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Revere v. Cheney

United States District Court, S.D. Georgia, Dublin Division

May 8, 2015

JERMAINE R. REVERE, Plaintiff,
v.
DR. DAVID CHENEY, Medical Director, Defendant.

ORDER

BRIAN K. EPPS, Magistrate Judge.

Plaintiff commenced the above-captioned case pro se pursuant to 42 U.S.C. ยง 1983 concerning events alleged to have occurred at Telfair State Prison in Helena, Georgia. The matter is now before the Court because Plaintiff filed a "Request for the Federal Rules of Civil Procedure, " in which he asks the Clerk of Court "to produce" the Rules regarding sending a subpoena to a witness to answer interrogatories. (Doc. no. 41.) The filing does not contain a certificate of service, as is required by Local Rule 5.1, showing that his motion was served on defense counsel. Plaintiff previously received instructions about the requirements for his filings, including the necessity for a certificate of service. (See doc. no. 13.) Accordingly, the Court DENIES Plaintiff's motion (doc. no. 41) based on the failure to comply with the service requirement of Local Rule 5.1. See Layfield v. Bill Heard Chevrolet Co., 607 F.2d 1097, 1099 (5th Cir. 1979)[1] (affirming summary denial of motion for failure to comply with Local Rules).

Even if the motion were not subject to summary denial based on failing to comply with the Local Rules, Plaintiff is not entitled to free copies of rules from the Court. Wanninger v. Davenport, 697 F.2d 992, 994 (11th Cir. 1983) ("A prisoner's right of access to the court does not include the right of free unlimited access to a photocopying machine...."); see also Jackson v. Florida Dep't of Fin. Servs., 479 F.App'x 289, 292-93 (11th Cir. 2012) ("This Court has never held that a prisoner's right of access to the courts entitles a prisoner-plaintiff, even one proceeding in forma pauperis, to free copies of court documents, including his own pleadings."). The Court provided Plaintiff with instructions about how to conduct discovery, including an explanation that sending interrogatories to defense counsel is a practical method of discovery for pro se litigants. (Doc. no. 13, p. 5 (citing Fed.R.Civ.P. 33).) Moreover, pursuant to a standing Order in the Southern District of Georgia, "Subpoenas will not be issued to any party litigant who is incarcerated in a jail or prison. In such cases, arrangements will be made for the attendance of necessary witnesses and the production of necessary documents through other means." In re Subpoenas, MC 496-006 (S.D. Ga. Jan. 16, 1996). Thus, Plaintiff is not entitled to have subpoenas issued to him.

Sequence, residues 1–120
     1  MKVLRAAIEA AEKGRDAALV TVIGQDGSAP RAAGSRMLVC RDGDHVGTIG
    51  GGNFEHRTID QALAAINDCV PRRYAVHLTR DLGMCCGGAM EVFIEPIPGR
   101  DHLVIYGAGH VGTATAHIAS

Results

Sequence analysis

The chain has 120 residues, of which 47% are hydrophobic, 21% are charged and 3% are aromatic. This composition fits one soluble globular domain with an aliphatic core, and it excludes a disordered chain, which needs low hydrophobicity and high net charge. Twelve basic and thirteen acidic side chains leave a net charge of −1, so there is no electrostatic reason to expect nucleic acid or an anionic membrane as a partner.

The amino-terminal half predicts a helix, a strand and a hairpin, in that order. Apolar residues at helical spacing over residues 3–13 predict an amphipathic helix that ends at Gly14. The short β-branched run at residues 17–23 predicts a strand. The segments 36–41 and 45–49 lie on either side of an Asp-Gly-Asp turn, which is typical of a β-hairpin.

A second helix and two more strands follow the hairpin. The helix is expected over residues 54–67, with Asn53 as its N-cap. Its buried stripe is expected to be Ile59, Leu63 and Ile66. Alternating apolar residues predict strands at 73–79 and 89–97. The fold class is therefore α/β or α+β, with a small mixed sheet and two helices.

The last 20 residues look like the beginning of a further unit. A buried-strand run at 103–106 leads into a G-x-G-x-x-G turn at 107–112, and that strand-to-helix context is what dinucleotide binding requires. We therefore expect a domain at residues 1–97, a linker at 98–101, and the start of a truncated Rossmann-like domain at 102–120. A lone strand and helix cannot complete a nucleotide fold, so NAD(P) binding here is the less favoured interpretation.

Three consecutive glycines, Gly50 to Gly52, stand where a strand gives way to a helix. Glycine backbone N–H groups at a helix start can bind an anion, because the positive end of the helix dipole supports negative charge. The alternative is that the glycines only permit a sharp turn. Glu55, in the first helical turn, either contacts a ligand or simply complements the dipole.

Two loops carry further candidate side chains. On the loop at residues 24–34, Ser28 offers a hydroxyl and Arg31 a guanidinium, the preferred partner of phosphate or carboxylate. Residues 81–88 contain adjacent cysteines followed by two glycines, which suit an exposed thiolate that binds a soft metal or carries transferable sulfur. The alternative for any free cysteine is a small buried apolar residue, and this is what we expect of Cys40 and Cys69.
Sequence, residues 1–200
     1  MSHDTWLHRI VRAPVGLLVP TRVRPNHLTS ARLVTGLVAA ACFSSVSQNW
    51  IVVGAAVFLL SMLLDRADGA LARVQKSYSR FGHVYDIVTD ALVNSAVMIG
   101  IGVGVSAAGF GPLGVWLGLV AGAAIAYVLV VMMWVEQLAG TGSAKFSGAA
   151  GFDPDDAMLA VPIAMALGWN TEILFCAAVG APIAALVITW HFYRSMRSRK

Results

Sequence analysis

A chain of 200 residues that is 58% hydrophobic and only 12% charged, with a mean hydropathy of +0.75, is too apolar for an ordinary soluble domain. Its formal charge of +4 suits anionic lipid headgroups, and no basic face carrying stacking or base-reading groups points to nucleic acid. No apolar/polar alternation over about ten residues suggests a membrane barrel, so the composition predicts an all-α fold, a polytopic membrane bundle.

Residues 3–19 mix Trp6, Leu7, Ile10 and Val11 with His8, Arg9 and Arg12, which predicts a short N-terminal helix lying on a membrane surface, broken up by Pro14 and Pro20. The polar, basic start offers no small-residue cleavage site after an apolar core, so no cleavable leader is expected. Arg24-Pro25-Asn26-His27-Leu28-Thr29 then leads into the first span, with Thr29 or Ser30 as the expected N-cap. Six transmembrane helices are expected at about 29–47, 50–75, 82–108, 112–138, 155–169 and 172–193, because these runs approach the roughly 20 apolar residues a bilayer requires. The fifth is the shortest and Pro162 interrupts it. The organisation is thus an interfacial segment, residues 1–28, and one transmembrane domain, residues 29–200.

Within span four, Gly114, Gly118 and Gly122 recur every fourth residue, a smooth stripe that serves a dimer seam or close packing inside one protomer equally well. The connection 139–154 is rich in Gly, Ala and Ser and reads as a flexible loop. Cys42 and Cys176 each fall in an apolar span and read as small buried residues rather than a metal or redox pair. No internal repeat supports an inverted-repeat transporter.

SO ORDERED.


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